In his jobs speech last week, the President pointedly did not mention Social Security, while mentioning Medicare and Medicaid. The chained CPI would also be a regressive tax increase in addition to a cut on anything with a cost of living adjustment, like Social Security, food stamps and veterans benefits.
These are the kinds of programs that kept millions of people out of poverty last year, and their reduction would simply open the floodgates on poverty and increase human misery.
Again, let’s see what gets released on Monday. But if you think that the President is having trouble now with public opinion and institutional Democrats, wait until this thing gets released.
UPDATE: Let me throw on the flip a letter from Al Franken and several other Democratic Senators, urging the Super Committee to defend Medicare, Medicaid and Social Security. Just so you see the consternation that will result from this announcement by the White House.
Dear [Member of the Joint Select Committee on Deficit Reduction]:
Congratulations on your appointment to the Joint Select Committee on Deficit Reduction. Through this unprecedented bicameral and bipartisan process, you will have the opportunity to both stabilize our nation’s deficits and shape its fiscal policy for years to come. As you begin to take on this great responsibility, we write today to urge you to defend the programs on which tens of millions of elderly and disadvantaged Americans rely. Specifically, we urge you to protect Social Security, Medicare benefits, and the Medicaid program.
Our present deficits result largely from the unaffordable and regressive tax cuts signed into law during the previous administration. We therefore believe that deficit reduction should begin with closing unjustifiable tax loopholes and gimmicks, which overwhelmingly benefit large corporations and wealthy families. Special-interest tax deductions and credits operate as subsidies for favored industries and should be viewed no differently from direct cash payments. By streamlining our tax laws, we can generate hundreds of billions of dollars in revenue at the same time as we level the corporate playing field and ensure that millionaires and billionaires pay their fair share for the upkeep of our nation.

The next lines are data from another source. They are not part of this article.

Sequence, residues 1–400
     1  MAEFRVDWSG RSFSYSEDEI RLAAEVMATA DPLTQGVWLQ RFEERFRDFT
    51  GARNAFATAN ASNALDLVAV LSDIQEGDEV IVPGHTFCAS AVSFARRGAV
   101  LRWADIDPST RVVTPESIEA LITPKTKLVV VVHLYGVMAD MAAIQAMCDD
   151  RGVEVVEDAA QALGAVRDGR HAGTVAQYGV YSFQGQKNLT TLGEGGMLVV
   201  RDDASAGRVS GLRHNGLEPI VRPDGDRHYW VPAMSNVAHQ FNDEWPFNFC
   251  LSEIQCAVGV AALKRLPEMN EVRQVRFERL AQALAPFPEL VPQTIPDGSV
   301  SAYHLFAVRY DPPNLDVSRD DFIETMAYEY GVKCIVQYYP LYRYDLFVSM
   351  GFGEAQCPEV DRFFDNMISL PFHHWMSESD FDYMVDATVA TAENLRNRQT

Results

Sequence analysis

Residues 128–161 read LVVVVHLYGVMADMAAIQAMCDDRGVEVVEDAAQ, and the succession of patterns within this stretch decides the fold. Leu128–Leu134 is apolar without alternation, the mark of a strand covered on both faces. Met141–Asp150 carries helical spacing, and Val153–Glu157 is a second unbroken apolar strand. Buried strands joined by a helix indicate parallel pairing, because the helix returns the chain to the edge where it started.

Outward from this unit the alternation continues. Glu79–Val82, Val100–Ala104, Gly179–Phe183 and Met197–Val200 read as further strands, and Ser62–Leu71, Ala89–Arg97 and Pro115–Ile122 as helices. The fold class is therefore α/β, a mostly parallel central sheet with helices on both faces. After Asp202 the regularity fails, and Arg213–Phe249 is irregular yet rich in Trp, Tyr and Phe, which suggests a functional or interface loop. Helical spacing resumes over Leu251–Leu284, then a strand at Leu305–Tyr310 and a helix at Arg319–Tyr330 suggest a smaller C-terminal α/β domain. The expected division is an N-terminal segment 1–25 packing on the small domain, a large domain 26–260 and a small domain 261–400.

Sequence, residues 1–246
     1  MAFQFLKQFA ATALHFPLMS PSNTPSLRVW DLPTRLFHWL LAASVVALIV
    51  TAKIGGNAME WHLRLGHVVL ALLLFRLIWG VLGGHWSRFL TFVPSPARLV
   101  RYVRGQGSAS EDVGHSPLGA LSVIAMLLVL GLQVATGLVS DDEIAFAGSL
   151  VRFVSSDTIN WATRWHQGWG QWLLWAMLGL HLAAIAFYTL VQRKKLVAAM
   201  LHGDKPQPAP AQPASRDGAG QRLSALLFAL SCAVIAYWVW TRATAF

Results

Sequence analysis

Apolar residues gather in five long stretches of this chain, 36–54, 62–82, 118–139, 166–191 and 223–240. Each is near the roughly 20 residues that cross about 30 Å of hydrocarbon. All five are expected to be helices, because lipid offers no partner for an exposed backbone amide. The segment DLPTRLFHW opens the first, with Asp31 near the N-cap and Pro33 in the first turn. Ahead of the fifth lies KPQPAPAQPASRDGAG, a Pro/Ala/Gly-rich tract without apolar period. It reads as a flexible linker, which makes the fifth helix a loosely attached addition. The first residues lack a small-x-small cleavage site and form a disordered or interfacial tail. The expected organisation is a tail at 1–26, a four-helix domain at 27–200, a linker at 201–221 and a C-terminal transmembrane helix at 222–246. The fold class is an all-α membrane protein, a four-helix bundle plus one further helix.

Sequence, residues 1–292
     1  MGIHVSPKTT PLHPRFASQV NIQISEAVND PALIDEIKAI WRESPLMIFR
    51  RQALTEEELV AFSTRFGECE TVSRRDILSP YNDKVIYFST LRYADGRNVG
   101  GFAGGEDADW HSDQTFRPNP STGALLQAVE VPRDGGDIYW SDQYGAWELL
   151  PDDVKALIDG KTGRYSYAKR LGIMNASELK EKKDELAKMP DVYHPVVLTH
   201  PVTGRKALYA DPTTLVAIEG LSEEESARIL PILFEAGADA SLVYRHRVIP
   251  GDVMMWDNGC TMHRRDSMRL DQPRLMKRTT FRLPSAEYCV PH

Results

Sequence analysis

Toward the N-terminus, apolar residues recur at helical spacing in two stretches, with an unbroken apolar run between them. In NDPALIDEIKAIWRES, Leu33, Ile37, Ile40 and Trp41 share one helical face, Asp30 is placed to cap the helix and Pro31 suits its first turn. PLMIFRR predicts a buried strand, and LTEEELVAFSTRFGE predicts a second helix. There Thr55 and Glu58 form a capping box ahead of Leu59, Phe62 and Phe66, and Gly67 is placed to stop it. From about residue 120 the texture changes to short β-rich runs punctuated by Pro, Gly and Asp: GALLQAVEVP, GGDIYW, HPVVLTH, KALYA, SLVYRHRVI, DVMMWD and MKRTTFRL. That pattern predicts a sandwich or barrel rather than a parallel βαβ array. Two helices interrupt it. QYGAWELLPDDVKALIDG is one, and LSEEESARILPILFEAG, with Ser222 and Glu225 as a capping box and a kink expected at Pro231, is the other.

In contrast to profitable corporations and the wealthy, the tens of millions of Americans who rely on Social Security, Medicare, and Medicaid often have no resources to spare. In fact, the average annual benefit for the 38 million Americans who receive Social Security retirement benefits is just $13,600. This modest and essential income kept 36% of seniors out of poverty in 2008 according to the AARP. Just as critically, 37 million American seniors and 68 million children and adults rely on Medicare and Medicaid, respectively, for their health care. Even small cuts to these essential programs would bring widespread suffering to some of our most vulnerable citizens. We believe that is unfair and unnecessary.
Once again, we congratulate you on your appointment and wish you success in what will surely be an arduous process. We hope you will use this opportunity to stabilize the budget, so that Social Security, Medicare, and Medicaid will be secure for many generations to come.
Senators Whitehouse, Gillibrand, Blumenthal, Franken, Brown, Sanders, Lautenberg, Akaka, Harkin, Merkley, and Reed